By Jim Gray – Published in the Edmonton Journal
Premier Rachel Notley and her government face a considerable challenge in bending down the cost curve on health care while improving health outcomes. The 2017 provincial budget reflects the severity of this challenge as health-care costs continue to consume a larger portion of government expenditures.
Chronic disease and injuries are placing tremendous demands on health care and they represent 90 per cent of the illness burden in Canada. Chronic disease impacts every community and almost every family in our country. This massive epidemic must be tackled head-on to bend the cost curve, protect our health-care system and to improve our quality of life.
Cancer, heart disease, diabetes, mental illness, addictions and preventable injuries are all contributing to this epidemic. Although we have won some battles on chronic disease, we are losing the larger war on this enormous social problem.
Childhood obesity and physical inactivity are on the rise, mental illness and addictions stubbornly persist, and there are far too many people who experience needless injuries. These illnesses and injuries are filling our hospitals, impairing our quality of life and they are hurting our economy through reduced productivity.
At present, the Alberta government is spending only about one per cent of the total health-care budget on the prevention of chronic disease. This level of funding is inadequate to tackle a problem that represents 90 per cent of the health-care burden.
The good news is that chronic disease is largely preventable. Five risk factors account for the vast majority of chronic disease including physical inactivity, unhealthy eating, tobacco use, alcohol misuse and traumatic childhood experiences. There are proven strategies to reduce these major risk factors, but we are not investing enough in such initiatives.
Wellness Alberta proposes that the Alberta government increase its investment in chronic disease and injury prevention from one per cent to two per cent of the health-care budget over the next three to five years. We also recommend protecting these precious funds by creating a stand-alone Wellness Foundation that reports directly to the Legislative Assembly — just like the Heritage Savings Trust Fund. Unless these funds are sheltered by legislation, they will almost certainly be consumed by the growing demands for health-care treatment.
The Foundation will invest only in proven evidence-based strategies that are focused on primary prevention. This means tackling risk factors upstream long before people become ill. It means putting a fence at the top of the cliff rather than sending ambulances to the bottom.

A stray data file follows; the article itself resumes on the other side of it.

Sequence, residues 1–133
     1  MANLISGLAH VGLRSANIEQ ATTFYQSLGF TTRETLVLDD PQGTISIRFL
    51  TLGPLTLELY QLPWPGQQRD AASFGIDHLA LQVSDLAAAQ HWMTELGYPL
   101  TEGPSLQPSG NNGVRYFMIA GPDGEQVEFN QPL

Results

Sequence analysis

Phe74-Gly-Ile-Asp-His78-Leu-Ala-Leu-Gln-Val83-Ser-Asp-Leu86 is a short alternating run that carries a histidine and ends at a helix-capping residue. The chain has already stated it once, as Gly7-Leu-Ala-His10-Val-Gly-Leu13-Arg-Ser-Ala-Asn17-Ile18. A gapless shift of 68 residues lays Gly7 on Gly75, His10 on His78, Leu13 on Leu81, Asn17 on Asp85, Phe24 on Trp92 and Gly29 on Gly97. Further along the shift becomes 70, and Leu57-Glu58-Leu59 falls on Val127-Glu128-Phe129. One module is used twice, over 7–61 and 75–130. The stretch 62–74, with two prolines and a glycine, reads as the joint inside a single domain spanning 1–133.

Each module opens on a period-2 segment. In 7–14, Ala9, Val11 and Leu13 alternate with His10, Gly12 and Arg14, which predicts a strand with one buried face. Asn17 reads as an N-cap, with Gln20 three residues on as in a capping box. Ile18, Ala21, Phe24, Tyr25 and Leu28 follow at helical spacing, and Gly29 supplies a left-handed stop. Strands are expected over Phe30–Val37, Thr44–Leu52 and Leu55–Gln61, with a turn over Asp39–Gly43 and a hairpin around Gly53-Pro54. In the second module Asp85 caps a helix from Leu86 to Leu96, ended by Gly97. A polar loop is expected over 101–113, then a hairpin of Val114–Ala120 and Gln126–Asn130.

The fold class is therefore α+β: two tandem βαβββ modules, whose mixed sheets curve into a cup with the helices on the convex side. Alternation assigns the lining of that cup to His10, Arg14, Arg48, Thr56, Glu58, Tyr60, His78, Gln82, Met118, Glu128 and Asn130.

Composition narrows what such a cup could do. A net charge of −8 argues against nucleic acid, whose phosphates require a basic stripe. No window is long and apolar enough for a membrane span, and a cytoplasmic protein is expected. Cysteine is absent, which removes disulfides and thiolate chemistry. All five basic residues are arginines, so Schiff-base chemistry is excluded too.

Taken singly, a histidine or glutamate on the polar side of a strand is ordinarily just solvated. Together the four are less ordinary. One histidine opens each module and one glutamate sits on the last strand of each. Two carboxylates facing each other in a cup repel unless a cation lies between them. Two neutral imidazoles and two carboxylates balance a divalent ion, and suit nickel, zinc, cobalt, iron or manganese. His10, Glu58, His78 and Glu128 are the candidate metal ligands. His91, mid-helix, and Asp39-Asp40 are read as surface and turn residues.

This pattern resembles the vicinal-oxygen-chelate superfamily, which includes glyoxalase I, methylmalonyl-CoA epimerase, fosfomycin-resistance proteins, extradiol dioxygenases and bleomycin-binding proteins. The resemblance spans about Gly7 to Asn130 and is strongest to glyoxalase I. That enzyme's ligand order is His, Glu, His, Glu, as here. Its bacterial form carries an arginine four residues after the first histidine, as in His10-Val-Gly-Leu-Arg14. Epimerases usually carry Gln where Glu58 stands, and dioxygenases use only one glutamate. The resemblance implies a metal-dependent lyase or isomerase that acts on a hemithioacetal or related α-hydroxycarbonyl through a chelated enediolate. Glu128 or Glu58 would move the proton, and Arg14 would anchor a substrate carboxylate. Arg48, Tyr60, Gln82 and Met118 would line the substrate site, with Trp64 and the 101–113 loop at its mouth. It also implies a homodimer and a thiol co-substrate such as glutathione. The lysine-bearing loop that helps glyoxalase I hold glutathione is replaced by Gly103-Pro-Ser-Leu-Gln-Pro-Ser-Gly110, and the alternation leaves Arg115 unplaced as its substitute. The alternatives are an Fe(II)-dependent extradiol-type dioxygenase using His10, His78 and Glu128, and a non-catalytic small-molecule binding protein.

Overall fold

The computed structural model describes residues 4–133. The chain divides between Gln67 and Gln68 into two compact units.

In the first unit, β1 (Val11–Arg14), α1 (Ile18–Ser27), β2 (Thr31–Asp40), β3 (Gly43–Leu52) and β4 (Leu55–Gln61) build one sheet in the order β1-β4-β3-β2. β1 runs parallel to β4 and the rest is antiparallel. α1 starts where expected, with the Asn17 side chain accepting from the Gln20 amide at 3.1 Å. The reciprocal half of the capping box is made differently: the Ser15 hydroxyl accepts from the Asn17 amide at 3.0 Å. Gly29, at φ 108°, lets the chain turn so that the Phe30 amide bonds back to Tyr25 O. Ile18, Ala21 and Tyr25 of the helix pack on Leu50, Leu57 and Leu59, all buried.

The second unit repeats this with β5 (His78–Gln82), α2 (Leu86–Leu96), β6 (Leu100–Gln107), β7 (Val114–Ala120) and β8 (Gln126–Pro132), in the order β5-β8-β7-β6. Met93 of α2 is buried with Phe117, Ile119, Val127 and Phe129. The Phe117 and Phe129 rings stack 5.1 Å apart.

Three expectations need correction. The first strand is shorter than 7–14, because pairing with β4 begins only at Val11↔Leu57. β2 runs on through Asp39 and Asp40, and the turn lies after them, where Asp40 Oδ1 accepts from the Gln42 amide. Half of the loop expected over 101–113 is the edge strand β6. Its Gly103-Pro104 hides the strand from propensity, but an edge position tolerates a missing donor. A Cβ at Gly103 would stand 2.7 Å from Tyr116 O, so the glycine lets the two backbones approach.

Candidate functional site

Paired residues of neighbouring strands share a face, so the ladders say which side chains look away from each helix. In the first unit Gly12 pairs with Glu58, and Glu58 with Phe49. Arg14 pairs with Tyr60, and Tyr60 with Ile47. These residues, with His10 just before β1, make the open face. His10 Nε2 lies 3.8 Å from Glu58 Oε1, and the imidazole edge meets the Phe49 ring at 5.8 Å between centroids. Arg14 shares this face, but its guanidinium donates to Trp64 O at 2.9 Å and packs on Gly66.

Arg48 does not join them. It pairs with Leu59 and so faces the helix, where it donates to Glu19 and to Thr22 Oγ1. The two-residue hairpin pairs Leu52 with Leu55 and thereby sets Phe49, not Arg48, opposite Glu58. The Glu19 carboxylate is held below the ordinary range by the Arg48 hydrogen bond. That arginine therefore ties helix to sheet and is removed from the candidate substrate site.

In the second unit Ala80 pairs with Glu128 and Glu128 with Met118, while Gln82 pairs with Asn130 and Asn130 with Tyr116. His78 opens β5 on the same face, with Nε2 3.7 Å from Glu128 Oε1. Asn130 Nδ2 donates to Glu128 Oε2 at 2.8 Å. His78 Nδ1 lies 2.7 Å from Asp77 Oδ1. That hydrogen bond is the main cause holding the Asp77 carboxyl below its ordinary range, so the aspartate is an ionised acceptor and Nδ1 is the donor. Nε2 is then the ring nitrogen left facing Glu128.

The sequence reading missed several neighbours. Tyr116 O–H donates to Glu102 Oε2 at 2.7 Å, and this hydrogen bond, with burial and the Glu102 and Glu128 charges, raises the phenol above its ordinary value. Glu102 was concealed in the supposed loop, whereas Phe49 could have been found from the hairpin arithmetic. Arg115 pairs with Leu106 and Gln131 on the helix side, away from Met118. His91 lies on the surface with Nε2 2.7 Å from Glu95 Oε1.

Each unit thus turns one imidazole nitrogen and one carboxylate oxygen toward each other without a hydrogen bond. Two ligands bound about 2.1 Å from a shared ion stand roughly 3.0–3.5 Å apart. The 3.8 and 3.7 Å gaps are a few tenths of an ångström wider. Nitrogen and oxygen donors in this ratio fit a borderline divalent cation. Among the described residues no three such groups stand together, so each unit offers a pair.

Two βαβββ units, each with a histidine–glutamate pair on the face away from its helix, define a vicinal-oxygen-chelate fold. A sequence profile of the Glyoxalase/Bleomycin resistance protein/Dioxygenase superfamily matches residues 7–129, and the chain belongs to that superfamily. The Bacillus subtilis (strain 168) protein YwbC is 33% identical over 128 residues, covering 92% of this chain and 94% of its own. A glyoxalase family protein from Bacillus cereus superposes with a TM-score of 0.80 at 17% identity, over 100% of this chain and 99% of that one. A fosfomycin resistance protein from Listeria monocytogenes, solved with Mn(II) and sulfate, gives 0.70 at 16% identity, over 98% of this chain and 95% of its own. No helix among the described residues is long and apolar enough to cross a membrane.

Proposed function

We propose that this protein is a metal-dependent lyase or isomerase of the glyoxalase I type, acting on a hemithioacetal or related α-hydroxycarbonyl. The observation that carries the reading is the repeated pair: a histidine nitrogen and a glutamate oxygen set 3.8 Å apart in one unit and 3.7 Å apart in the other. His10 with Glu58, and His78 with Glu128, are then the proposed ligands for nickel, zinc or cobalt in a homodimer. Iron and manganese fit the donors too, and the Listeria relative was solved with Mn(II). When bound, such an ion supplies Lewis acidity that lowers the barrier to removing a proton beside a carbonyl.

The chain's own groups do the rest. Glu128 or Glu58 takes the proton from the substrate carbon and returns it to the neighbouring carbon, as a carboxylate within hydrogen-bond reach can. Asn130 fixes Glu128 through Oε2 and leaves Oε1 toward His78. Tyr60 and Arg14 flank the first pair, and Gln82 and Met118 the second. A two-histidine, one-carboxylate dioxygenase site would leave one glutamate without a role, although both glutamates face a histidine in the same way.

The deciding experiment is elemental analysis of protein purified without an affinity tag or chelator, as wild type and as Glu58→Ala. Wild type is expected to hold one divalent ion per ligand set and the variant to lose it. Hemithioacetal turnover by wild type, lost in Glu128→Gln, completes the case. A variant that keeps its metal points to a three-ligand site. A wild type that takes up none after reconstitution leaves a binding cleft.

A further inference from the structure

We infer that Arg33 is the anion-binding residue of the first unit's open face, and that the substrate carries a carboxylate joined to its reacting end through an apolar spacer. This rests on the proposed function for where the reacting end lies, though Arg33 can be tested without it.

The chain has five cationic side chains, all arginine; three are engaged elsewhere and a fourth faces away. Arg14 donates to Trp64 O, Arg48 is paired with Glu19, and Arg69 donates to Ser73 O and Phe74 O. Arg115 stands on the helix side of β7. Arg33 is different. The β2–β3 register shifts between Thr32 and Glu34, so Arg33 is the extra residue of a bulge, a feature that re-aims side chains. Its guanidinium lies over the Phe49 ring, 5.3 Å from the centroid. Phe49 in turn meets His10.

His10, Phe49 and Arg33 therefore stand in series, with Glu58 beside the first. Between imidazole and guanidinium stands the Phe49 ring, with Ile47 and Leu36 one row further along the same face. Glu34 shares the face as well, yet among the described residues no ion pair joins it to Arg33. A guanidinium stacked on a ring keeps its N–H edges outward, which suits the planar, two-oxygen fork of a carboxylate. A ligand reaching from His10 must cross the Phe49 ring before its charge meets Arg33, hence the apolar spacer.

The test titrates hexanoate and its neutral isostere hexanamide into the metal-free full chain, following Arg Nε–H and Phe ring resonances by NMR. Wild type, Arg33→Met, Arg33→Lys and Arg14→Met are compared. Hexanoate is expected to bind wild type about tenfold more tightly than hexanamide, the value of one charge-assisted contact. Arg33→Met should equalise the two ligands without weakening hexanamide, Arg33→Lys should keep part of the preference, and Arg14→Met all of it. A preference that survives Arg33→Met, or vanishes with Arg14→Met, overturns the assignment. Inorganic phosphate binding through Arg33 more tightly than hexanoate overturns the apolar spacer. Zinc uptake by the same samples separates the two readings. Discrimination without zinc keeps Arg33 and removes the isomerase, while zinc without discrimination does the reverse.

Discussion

Effective interventions are available to tackle these risk factors head-on. These strategies involve schools, communities, parents, employers and the health-care system itself. Similar government foundations exist around the world and they have produced meaningful results.
Roy Romanow urged all Canadian governments to increase funding for chronic disease prevention over a decade ago when he chaired the Royal Commission on Health Care. Don Mazankowski made a similar recommendation in his report to the Alberta government in 2002. Alberta’s auditor general also called upon the province to take strong action to reduce chronic disease in a report he tabled last year. Unfortunately all of this good advice has gone largely unheeded.
We urge the government to rise to the challenge of chronic disease and injury by making a meaningful investment in prevention. Albertans deserve first-class protection from chronic disease and we deserve first-class health care that will be there if and when we need it.
It’s time to take wellness off the waiting list. It’s time to reduce demands on health care and to keep more people away from the hospital. It’s time to create a culture of wellness in this province. It’s time to make Alberta better.
Jim Gray is the chairman of Wellness Alberta — a coalition of over 130 organizations, institutions and governing bodies that collectively represent over three million Albertans.
© Edmonton Journal
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